How To Quote Turnaround Time on VO Projects

Hey, there!

This falls squarely in the category of Commerce in our Art, Commerce, Science framework. In class, Karen asked a question about turnaround of VO work.

She’d been quoting 24 hour turnaround for finished voice tracks. But now, a client wanted her to voice, and EDIT, an audiobook, and that would be considerably more time.

Plus, the client had started sending her copy at the end of the day.

How do you handle this?

Creating a repeat client is like tending a garden. First, you plant the seeds, then you fertilize with tender loving care, and you harvest the results, hopefully every season.

Part of that process is being efficient about getting their work done.

I make a policy of under-promising and over-delivering. I love getting great work to a client before they expect it.

To that end, I quote one-day turnaround to most of my clients, and I get the work done pretty much the moment it comes in, or, if I’m out, as soon as I return. That work is the first fire I put out.

But I don’t actually phrase it as one-day turnaround, or 24-hour turnaround.

A slight variant of that protects Karen, me and you from the client who sends stuff at the end of the day and expects delivery the next morning. After all, “…it’s the next day, right? Where is my stuff??”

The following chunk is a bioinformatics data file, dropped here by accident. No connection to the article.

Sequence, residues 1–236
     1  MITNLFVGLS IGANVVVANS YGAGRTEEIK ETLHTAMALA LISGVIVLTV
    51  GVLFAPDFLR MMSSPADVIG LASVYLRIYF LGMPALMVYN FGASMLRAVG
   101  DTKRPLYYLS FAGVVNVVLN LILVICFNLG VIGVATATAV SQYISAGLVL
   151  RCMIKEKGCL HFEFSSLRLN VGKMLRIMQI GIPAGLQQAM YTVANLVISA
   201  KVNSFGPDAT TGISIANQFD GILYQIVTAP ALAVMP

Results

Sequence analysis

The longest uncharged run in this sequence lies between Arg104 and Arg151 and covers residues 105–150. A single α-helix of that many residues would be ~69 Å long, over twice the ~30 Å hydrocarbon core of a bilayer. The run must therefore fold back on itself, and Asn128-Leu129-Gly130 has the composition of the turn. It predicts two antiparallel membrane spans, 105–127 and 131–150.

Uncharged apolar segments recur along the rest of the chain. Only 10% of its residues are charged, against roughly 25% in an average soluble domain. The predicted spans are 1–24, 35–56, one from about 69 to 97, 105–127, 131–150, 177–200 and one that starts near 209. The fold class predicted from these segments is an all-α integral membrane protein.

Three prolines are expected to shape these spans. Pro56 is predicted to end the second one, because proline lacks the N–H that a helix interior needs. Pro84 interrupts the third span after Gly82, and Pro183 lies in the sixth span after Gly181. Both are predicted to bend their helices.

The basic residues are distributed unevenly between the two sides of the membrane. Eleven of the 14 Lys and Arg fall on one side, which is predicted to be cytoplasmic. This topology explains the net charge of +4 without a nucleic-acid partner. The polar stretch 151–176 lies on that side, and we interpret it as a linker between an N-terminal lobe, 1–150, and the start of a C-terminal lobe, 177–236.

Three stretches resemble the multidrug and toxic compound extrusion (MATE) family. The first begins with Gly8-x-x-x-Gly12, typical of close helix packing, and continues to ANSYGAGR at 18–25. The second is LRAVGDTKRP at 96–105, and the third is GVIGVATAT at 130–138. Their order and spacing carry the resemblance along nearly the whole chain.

(That’s an actual quote from an early’s client’s email.)

Instead of one-day, or 24-hour, I simply change the term: I now promise 8-business-hour turnaround.

Quoting business hours, as opposed to simple time, protects you and still lets you amaze your customers with your agility.

[tweet_box]How do you keep yourself safe when quoting turnaround time on voice over jobs?[/tweet_box]

The client who sends you an after hour job is on notice not to expect it until that same hour of the day the following day. Someone sends you something at 2pm? They can expect it by 2pm the next business day. Got something at 10am? Send it sometime before 10am the next business day.

Note that that gives you back your weekends as well – a client sends you a read at 4:30p on Friday, there’s no confusion about it being due at 4:30p on Monday, not Saturday.

Feel a little relief? So did I when I instituted that phrase. It even makes you sound like more of a business-person, with your high-class business hours and what not.

And hey, you can still wow them and deliver much faster than promised if you can. You just now have some business breathing room.

Hope this helps.



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  1. “Business hour turn-around” – I like that. Its applicable for my writing/transcription clients as well. Or anything venture, really, that deals with turn-around times. Thank you!